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Supreme Court Rules that Medicaid’s Secondary Payer Provision Applies to Future Medical Expenses

On June 6, the Supreme Court in Gallardo v. Marstiller resolved an ambiguity in the Medicaid statute that could have significant ramifications for those seeking to settle personal injury cases involving a plaintiff who is on Medicaid.[1] The case focused on a provision in the Medicaid Act requiring states to compel Medicaid beneficiaries to assign their rights “to payment for medical care from any third party[.]”[2] At issue before the Court was whether this provision “permits a State to seek reimbursement from settlement payments allocated for future medical care.”[3]

The case involved a 13-year-old who was permanently disabled after being struck by a truck and, as a result, became a Florida Medicaid beneficiary.[4] Florida, rather than permitting the state to recover a beneficiary’s entire settlement, limits the state’s recovery to no more than half of the settlement or judgment after deducting 25% for attorney’s fees and costs.[5] The case settled for $800,000, $35,367.52 of which was expressly designated to cover past medical expenses, and arguably the remainder (after deducting attorney’s fees) was allocated implicitly to future medical care.[6] Florida, which had already spent more than $800,000 on medical care when the case settled, sought $300,000, the full amount it was entitled to receive under its own statute ($300,000 = 50% x 75% x $800,000).[7]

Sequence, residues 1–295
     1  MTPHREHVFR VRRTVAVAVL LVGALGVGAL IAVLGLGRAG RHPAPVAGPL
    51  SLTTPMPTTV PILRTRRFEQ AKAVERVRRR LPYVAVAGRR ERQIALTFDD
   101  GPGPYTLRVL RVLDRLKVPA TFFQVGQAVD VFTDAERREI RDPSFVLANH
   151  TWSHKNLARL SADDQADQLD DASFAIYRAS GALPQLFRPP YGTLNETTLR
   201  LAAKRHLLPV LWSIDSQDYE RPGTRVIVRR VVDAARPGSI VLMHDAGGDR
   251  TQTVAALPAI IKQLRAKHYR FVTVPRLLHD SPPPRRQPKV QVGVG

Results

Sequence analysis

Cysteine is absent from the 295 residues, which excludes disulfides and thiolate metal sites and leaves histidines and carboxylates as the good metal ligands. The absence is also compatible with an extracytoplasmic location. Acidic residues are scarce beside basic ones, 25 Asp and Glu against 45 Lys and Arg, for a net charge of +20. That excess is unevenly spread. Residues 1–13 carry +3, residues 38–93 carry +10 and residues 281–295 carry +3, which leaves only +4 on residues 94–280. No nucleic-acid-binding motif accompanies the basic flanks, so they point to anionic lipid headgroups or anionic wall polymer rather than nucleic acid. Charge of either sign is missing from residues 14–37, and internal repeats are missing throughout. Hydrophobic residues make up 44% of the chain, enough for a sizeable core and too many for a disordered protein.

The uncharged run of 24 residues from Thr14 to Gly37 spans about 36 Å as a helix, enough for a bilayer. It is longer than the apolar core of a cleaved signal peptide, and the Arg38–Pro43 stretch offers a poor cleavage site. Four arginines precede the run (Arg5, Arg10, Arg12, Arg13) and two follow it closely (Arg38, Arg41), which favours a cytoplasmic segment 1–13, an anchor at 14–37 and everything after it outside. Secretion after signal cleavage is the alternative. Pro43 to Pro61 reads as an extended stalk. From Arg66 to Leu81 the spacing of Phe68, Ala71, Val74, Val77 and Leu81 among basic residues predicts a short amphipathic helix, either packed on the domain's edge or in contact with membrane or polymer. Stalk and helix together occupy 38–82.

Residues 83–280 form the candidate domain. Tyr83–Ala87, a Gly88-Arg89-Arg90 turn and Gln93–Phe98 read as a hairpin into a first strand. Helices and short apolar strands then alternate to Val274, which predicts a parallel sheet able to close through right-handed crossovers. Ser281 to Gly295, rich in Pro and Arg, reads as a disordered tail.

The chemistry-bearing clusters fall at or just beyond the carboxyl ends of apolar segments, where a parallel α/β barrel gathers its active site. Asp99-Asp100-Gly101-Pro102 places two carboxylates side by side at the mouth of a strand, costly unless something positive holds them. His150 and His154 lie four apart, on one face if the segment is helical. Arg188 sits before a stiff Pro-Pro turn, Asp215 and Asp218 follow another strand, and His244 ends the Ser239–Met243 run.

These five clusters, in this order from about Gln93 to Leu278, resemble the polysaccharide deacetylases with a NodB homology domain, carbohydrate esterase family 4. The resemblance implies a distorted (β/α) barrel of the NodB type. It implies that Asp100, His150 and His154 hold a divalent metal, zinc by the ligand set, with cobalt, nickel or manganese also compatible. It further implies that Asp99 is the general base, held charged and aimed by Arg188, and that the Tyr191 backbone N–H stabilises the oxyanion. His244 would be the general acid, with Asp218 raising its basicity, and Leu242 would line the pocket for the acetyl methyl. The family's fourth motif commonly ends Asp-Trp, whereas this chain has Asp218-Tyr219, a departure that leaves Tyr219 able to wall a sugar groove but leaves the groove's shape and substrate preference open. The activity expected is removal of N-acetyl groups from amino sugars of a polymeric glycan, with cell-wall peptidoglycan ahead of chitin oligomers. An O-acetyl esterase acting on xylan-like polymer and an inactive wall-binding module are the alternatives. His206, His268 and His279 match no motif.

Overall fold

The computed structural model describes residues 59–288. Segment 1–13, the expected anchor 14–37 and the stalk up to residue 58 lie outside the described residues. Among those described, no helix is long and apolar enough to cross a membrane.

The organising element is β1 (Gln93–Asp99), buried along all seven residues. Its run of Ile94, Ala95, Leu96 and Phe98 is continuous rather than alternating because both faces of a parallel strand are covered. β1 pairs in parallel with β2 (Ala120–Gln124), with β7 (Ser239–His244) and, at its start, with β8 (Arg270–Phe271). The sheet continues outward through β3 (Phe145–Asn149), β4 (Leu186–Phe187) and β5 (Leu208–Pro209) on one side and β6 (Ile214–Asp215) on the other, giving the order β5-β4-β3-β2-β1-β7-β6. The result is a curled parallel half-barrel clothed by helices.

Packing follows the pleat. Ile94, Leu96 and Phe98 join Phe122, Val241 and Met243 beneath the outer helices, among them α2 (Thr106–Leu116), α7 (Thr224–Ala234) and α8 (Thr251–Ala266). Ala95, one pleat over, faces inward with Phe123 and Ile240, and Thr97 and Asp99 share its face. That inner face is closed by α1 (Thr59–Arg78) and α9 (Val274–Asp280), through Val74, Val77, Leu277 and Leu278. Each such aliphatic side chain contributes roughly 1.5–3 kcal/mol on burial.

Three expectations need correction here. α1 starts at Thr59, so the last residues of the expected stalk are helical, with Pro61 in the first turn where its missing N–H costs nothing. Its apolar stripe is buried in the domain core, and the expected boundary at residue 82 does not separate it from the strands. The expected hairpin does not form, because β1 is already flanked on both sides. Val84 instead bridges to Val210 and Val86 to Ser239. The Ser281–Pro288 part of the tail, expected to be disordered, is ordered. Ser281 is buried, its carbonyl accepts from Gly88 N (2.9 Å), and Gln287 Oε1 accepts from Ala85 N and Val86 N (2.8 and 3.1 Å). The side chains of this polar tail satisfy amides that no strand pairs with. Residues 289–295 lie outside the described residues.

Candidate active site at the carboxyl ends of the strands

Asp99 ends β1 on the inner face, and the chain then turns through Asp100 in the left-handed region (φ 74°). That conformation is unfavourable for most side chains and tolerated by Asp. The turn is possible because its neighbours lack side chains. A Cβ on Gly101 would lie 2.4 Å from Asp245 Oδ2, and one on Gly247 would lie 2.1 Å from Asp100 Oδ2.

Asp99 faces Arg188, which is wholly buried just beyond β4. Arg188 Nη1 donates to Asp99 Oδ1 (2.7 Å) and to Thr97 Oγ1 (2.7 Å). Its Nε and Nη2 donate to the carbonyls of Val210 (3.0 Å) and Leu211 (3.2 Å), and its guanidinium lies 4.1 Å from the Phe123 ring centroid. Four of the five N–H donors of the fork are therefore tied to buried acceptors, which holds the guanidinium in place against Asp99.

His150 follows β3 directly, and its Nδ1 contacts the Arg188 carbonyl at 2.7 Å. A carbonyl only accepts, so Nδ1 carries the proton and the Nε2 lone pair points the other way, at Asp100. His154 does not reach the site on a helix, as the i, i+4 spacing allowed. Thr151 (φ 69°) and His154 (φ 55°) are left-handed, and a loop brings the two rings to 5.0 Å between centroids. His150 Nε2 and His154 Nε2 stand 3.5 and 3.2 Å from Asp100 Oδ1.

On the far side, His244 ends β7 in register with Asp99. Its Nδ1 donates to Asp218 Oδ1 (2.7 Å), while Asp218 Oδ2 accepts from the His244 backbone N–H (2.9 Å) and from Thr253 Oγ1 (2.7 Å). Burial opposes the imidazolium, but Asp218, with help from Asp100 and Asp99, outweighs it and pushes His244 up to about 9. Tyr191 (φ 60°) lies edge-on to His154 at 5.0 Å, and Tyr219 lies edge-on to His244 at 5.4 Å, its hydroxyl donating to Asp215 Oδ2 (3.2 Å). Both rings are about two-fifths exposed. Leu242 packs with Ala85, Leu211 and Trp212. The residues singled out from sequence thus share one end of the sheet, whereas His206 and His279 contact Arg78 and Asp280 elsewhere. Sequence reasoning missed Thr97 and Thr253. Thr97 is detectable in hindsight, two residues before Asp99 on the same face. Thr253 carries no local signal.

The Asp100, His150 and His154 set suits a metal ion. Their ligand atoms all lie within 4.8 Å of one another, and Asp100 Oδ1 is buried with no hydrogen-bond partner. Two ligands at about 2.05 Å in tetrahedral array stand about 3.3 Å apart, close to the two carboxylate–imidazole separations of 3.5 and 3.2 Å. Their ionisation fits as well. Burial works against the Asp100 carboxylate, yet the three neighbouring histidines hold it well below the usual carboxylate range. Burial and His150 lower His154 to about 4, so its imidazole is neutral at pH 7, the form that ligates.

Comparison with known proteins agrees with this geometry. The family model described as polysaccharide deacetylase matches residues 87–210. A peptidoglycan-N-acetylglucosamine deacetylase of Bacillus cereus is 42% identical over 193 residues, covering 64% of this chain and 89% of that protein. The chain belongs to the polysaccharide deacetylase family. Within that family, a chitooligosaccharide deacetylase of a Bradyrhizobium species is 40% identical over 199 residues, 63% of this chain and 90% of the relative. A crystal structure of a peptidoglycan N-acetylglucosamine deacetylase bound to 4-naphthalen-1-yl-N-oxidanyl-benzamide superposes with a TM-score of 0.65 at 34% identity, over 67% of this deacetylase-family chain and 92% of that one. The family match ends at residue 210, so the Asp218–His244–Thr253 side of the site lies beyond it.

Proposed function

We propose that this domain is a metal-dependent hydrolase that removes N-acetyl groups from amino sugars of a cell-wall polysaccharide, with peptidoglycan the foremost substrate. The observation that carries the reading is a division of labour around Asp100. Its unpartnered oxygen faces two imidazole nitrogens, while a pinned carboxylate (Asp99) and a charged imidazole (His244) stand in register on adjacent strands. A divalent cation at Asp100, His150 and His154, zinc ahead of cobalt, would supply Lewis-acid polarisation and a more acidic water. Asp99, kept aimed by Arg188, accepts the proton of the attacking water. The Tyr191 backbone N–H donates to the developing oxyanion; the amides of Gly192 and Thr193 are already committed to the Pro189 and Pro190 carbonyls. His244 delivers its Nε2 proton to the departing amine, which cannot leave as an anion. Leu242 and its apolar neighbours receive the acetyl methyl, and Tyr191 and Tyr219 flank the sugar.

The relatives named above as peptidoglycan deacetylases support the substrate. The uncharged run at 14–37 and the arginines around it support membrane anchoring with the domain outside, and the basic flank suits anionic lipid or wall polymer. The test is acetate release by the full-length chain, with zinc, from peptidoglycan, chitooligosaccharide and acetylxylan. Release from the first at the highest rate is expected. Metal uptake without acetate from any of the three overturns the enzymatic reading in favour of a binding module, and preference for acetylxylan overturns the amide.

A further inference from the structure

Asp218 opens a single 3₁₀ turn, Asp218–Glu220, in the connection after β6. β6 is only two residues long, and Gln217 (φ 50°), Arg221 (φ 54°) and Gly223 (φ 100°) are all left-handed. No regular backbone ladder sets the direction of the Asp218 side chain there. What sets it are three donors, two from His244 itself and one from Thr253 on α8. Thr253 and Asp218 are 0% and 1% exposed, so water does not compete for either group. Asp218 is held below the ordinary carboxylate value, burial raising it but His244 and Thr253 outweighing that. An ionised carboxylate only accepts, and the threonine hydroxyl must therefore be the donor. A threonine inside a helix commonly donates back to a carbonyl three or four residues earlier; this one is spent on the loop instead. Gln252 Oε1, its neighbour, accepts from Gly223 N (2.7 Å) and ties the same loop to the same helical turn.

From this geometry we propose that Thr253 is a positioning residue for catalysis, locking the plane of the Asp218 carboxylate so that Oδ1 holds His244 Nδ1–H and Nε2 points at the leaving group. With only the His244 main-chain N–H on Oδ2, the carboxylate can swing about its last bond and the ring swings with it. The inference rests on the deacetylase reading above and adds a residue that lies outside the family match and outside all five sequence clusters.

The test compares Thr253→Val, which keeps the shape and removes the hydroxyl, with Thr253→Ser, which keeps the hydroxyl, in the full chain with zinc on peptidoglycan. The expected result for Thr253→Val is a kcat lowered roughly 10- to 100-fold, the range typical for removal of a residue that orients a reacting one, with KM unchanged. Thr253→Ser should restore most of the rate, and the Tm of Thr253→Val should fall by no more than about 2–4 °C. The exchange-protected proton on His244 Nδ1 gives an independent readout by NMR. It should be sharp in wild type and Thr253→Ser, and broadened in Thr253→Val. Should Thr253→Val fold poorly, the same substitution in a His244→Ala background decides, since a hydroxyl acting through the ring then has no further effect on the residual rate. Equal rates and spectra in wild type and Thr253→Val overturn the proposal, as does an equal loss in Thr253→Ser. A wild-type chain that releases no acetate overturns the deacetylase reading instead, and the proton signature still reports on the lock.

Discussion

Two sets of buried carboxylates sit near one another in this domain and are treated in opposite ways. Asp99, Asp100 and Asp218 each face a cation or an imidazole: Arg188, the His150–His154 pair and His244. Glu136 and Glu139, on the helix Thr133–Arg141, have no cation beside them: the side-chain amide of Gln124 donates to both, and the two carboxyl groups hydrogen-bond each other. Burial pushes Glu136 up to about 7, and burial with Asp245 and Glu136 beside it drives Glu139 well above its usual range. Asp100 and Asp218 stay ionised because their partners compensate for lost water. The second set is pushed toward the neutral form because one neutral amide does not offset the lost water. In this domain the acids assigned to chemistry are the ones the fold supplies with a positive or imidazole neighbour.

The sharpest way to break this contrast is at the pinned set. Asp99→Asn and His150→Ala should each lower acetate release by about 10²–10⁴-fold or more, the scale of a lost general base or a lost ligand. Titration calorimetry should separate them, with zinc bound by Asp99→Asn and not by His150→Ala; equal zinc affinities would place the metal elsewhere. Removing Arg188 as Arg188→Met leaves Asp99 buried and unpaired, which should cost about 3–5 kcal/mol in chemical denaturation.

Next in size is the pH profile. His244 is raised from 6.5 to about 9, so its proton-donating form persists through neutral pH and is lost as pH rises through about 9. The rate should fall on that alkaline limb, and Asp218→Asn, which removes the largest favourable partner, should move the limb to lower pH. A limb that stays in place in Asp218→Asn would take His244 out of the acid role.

The plaintiff sued the state, arguing that the Medicaid provision only authorized the state to recoup past medical expenses and there was nothing that permitted it to seek “recovery” for future medical expenses.[8] The plaintiff argued that an express federal statutory authorization was required because another provision in the Medicaid Act prevented a state from placing a lien on any property of a beneficiary unless authorized by federal law.[9]

The Court, in holding that the Medicaid provision encompassed both past and future medical expenses, reasoned that the lack of a past-expenses-only limitation in the statute is proof that Congress did not intend such a limitation to apply.[10] The Court reasoned that if Congress had wanted to draw a distinction between past and future payments, it easily could have done so but did not.[11]

The Court noted that there were two provisions in the Act addressing third-party liability. One, a mandatory state plan provision, limited third-party liability to payments made in the past by a state Medicaid plan: “payment [that] has been made under the State plan for medical assistance for health care items or services furnished to an individual[.]”[12]See 42 U.S.C. § 1396a(a)(25)(H). The other, at issue in this case, required a beneficiary to assign his or her recovery from a third-party to the state Medicaid plan. That one contained no such temporal limitation.[13]Seeid. at 1396k(a)(1)(A).

Plaintiff-petitioner urged the Court to engraft the “past tense only” language from the state-plan provision onto the separate mandatory assignment provision.[14] The Court not only declined to rewrite the statute but also reasoned that the existence of this limitation elsewhere in the statute was evidence that Congress knew how to limit the assignment to past medical payments and chose not to do so in Section 1396k(a)(1)(A).[15] Since the Court found that Section 1396k(a)(1)(A) permitted recovery for future medical expenses, Florida’s assignment provision falls within the exception to the anti-lien provision.[16]

* Special thanks to Summer Associate Hunter Shattuck, a 3L at The George Washington University Law School, for his valuable contributions to this GT Alert.

[1] Gallardo v. Marstiller, No. 20–1263 (U.S. June 6, 2022), slip op. at 6.

[2] 42 U.S.C. § 1396k(a)(1)(A).

[3] Id. at 1.

[4] Id. at 4.

[5] Id. at 3.

[6] Gallardo v. Marstiller, id., slip op. at 4.

[7] Id.

[8] Id. at 5.

[9] Id.

[10] Id. at 7.

[11] Gallardo v. Marstiller, 596 U.S. ___ (2022), slip op. at 7.

[12] Id. (first emphasis added).

[13] Id. at 6 (first emphasis added).

[14] Id. at 7.

[15] Id.

[16] Id. at 7-8.